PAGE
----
Sunday, January 13, 2013


My first experience with fondue was as a teenager on a school trip to Italy, Switzerland, and France. (Yes, I did indeed lose my fondue cherry in the Swiss town of Gruyere, and that is why I later grew up to be the ridiculous gourmand I am. (Read: food snob)). Later, fond memories include spending a week with a high school boyfriend's family in the french countryside- and eating fondue on a cold January night. They introduced me to the fun french way- or perhaps, it was just their fun way- of eating fondue: if you lost the bread off your fork, you had to basically complete a truth or dare. I remember being dared to go next door to a french farmer, and request, in french, to borrow a cup of sugar. I chickened out, but  it was a fun evening nonetheless!! (Du sucre, s'il vous plait?)

SO, when the ATX family decided to have a little Christmas Eve gathering, it seemed like this dish HAD to make an appearance! We dusted off the fondue pot and I went to look for the recipe.... only to discover that I neglected to write it out! So, re-contrsucted here, with the help of the internets, the joy of cooking, and believe it or not, the recipe that came with the fondue pot- is our fondue recipe (with a few updates!!)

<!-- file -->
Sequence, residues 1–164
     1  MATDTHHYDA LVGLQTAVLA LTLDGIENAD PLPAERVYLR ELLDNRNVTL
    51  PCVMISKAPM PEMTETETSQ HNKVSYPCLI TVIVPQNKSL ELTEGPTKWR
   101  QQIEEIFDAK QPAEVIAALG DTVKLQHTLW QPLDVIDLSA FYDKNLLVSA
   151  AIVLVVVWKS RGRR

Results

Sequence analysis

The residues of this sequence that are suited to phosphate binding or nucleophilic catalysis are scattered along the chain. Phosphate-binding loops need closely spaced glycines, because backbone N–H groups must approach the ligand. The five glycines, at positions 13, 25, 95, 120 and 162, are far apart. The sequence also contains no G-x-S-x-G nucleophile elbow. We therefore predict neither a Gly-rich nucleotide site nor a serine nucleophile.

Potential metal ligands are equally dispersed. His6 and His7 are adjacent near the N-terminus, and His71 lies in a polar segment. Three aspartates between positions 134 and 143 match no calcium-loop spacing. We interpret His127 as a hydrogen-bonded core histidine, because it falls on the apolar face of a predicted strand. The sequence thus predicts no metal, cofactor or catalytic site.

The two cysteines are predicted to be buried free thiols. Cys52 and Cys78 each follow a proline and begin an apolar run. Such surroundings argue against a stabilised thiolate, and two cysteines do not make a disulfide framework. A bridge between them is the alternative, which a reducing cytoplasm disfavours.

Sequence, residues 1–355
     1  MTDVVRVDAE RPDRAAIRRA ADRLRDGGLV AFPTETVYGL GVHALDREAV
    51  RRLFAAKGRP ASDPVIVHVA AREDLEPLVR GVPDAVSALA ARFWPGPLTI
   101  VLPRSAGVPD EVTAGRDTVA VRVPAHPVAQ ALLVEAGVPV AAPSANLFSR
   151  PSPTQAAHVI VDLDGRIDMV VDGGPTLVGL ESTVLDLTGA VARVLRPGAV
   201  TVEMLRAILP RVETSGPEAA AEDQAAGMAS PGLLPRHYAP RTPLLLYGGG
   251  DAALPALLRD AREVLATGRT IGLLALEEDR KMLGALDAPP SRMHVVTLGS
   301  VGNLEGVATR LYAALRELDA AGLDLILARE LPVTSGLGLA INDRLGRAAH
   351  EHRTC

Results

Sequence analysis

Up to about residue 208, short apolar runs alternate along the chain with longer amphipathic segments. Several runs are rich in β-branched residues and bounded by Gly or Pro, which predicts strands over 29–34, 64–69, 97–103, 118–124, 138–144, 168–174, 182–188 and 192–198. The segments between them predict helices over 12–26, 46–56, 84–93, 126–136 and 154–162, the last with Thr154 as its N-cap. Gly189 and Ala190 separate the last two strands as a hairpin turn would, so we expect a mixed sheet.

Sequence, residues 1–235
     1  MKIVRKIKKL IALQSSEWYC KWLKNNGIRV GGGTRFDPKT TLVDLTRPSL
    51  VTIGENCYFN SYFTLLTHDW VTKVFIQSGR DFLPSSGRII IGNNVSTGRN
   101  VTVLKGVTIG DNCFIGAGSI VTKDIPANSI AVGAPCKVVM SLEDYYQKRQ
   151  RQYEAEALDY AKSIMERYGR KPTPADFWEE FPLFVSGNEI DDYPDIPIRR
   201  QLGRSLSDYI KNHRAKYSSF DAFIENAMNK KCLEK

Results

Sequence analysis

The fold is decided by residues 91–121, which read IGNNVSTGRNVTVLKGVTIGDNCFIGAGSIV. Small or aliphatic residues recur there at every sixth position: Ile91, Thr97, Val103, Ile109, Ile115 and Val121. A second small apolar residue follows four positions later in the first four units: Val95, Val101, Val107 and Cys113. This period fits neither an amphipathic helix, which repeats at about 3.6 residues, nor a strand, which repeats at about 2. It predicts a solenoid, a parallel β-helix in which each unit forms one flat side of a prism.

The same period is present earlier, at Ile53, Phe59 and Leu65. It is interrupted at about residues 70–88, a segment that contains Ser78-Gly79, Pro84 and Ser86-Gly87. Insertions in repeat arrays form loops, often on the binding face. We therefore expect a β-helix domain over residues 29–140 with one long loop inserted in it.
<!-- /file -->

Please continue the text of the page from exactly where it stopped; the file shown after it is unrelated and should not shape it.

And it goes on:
1 loaf crusty french bread
3/4-1 lb Gruyere (shredded)
1/2 lb Emmenthaler Swiss (shredded)
1/2 lb Vacherin Fribourgeois
1 clove garlic, peeled and halved
1 1/4 cup - 1 1/2 cups dry white wine (Fendant, a swiss wine, or something like a Sauvignon Blanc)
1-2 tbsp cornstarch (add slowly until desired thickness)
2 tbsp Kirsch
lemon juice
salt and pepper

Rub the inside of a pot or the fondue pot with the garlic.
Add the white wine to the pot and simmer over medium heat. Stirring constantly, gradually add the shredded cheese.
In a small bowl, mix the cornstarch and the kirsch. Stir it into the melted cheese mixture.
Season to taste with the sat, pepper, and lemon. If too thick, add additional wine.

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